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What is a Plant-based Diet?
Just like every other new trend out there, a diet based on just greens, grains, legumes, and fruits seems to be gaining a lot of traction, especially with health-conscious individuals. A plant-based diet is where consumers focus more on eating plants and their derivatives to get their nutrients. However, with every trend, assessing the true values, especially for children, is critical.
To begin with, children need a balanced and healthy diet to develop and thrive. They also need a diet that includes all food groups and is complete, without any gaps. The big question is, do plants possess all of their needs?
We’re about to find out as we delve deeper into the fascinating world of plant-based diets and determine whether or not parents can adopt this diet for their kids.
Types of Plant-Based Diets
Diets based on plants cannot be summed up in a single box. There are numerous variations of what a plant-based diet food list can look like across various cultures, religions, and ideologies. Vegans, who adhere to the strictest form of a plant-based diet, only consume plants and proteins derived from plants. Vegetarians consume dairy products and eggs but no meat or fish. Pescatarians avoid eating meat and only consume fish, occasionally they will also eat dairy products and eggs.
Ovo-vegetarians consume eggs but do not consume dairy, whereas Lacto-vegetarians eat like vegetarians but do not consume dairy. Lacto-ovo vegetarians consume dairy products and eggs but abstain from all meats and fish. Parents should think about the types of foods being excluded from each of these and how they plan to provide their children with the nutrients from the foods excluded.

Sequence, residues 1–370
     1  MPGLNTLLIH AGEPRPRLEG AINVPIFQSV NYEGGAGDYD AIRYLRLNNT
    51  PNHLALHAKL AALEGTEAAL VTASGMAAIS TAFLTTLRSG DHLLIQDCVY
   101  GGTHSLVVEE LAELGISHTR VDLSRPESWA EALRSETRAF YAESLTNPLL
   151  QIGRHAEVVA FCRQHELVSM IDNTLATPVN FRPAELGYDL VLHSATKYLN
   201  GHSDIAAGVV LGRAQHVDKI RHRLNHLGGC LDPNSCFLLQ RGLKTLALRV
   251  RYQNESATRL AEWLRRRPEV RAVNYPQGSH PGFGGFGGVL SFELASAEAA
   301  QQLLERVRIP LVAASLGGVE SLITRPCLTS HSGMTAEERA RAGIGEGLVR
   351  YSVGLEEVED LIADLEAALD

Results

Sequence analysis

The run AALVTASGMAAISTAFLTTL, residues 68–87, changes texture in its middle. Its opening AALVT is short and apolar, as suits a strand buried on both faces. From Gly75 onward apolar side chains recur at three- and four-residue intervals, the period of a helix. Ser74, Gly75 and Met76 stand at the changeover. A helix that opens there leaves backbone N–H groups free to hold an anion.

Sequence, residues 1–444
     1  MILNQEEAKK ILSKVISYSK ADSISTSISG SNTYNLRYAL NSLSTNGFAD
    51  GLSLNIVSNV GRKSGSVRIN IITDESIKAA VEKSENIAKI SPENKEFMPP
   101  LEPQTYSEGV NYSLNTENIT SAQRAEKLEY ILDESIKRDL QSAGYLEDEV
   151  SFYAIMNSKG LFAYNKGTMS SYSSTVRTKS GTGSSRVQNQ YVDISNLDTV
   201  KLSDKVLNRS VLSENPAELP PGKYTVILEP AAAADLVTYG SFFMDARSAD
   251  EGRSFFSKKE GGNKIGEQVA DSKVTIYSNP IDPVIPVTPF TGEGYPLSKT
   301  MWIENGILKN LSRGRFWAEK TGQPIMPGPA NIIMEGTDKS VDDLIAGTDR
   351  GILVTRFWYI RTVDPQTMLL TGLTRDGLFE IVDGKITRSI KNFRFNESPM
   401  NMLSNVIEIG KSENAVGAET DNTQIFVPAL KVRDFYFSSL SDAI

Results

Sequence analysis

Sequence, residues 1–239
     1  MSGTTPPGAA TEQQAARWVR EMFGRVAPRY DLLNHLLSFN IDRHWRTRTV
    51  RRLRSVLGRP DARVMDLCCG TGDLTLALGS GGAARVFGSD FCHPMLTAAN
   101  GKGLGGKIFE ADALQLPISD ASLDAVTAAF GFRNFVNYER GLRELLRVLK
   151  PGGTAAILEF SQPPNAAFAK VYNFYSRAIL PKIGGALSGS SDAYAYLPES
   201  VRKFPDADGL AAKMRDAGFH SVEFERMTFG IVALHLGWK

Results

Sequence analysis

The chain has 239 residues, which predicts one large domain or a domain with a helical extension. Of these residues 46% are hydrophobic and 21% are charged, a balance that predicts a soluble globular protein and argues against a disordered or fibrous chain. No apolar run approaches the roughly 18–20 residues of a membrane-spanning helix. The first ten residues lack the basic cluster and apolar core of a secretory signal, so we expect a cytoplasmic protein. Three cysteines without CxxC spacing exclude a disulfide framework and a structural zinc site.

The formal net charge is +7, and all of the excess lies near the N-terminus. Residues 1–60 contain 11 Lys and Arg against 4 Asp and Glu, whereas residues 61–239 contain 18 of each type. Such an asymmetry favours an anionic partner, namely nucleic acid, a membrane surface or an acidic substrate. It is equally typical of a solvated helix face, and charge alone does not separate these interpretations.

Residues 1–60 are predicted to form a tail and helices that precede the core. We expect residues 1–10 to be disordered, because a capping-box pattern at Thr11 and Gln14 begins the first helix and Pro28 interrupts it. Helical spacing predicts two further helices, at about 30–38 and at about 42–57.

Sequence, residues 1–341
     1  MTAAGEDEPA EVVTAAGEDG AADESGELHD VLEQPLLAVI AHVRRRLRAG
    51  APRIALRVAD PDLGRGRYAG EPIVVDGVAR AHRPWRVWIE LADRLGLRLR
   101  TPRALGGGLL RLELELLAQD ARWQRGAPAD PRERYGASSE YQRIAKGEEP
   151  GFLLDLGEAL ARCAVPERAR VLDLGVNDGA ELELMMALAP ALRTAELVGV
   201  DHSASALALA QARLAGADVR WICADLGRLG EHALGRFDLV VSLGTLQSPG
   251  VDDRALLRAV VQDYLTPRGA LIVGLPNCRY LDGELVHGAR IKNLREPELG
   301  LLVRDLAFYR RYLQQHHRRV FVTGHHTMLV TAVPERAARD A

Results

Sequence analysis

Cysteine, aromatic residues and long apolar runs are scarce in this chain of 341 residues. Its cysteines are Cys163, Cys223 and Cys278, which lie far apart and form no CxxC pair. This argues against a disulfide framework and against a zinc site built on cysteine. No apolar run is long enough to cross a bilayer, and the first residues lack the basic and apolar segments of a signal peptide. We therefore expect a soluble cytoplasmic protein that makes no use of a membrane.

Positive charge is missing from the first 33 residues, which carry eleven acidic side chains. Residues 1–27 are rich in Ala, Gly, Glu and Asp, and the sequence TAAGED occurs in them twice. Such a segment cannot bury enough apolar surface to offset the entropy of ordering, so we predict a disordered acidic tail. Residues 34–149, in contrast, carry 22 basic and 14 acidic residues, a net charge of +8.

What are The Benefits of Plant-Based Diets?
Children who eat a plant-based diet can benefit in several ways. They can offer a wide variety of nutrients, including vitamins, minerals, fibers, and antioxidants, which support well-being and good health. Nutrients like iron, calcium, vitamin A, and even zinc are crucial for the development of any growing child. These nutrients are also best obtained from plants, which are where they are found.
For instance, plants and foods that have been fortified contain non-heme iron, which makes up about 50% of all dietary iron consumed in the US. Nuts, beans, green leafy vegetables, beets, slices of bread, cereals, and other grain products are a few examples of non-heme iron-rich foods. The remaining 50% comes from foods like meat, seafood, and poultry that contain both heme and non-heme forms of dietary iron. Simply put, plant-based foods provide children with 50% of the major nutrients they require for growth.
Another excellent example is eating foods high in vitamin A. Vitamin A helps maintain healthy endothelial cells, which line the interior surfaces of the body, and regulates cell growth and division, or reproduction. These functions all contribute to the remodeling of bones. Additionally, it increases the generation and activity of white blood cells, which is crucial for healthy immune performance.
Sounds great, no? So where can we find excellent Vitamin A sources? in plant-based food? Sweet potatoes, carrots, spinach, mangoes, and sweet red and orange bell peppers are just a few of the foods that are excellent sources of vitamin A. A cup of boiled sweet potato puree provides a 6-month-old with more than 50% of the daily recommended amount of vitamin A.
Over time, the body suffers from a diet high in processed foods and low in fresh produce, especially for a growing child. According to the CDC, 4.7 million kids and teenagers were affected by the 19.7% obesity prevalence rate. A diet based on plants is full of phytonutrients that fight disease and has also been linked to a lower risk of developing chronic diseases such as obesity, diabetes, and heart diseases, which are becoming increasingly common in children.